Dose-limiting tissues in relation to types and location of tumours: Implications for efforts to improve radiation dose distributions

  • Suit H
  • Goitein M
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Abstract

We consider the potential gains to be expected from improved dose distributions which can, for example, be obtained from lar ge field, low LET, energy modulated proton beams. Increases in tumour control probability which have resulted from improvements in dose distribution in the past are discussed. Limitations on the maximum dose which can be delivered and on possible ways in which normal tissue tolerance can be extended are considered. The impact of improved dose distributions on management of a number of diseases, particularly cancer of the urinary bladder, is discussed. It is concluded that, for sites in which conventional radiotherapy can deliver doses of the order of 7000 rad in 7 weeks, improvements in local control are unlikely and any improvements in results may be in the form of a reduction of morbidity. However, significantly higher frequency of local control may be achieved in those normal tissue-tumour situations in which doses are currently limited to about 5000 rad in 5 weeks but could be increased to levels >6000 rad in 6 weeks by use of improved dose distribution patterns obtainable with proton beams. © 1974.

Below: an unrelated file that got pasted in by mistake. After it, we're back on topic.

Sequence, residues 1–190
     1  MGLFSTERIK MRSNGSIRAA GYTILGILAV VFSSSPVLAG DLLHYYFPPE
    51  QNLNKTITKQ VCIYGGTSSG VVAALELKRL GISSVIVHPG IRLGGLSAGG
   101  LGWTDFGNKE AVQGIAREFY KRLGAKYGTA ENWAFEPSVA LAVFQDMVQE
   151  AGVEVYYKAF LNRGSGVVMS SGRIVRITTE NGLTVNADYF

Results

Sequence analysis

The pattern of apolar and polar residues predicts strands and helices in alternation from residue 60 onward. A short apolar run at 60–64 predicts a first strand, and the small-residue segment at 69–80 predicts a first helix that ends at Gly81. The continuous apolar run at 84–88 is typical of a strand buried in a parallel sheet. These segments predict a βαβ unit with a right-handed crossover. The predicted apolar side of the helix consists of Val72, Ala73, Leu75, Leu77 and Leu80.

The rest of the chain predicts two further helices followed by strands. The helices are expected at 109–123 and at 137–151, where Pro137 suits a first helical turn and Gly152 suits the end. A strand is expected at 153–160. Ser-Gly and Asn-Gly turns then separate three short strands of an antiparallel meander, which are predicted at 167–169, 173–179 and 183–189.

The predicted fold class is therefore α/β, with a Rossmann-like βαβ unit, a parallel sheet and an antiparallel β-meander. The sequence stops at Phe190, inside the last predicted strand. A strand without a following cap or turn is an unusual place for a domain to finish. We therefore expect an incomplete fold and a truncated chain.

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Authors

  • Herman D. Suit

  • Michael Goitein

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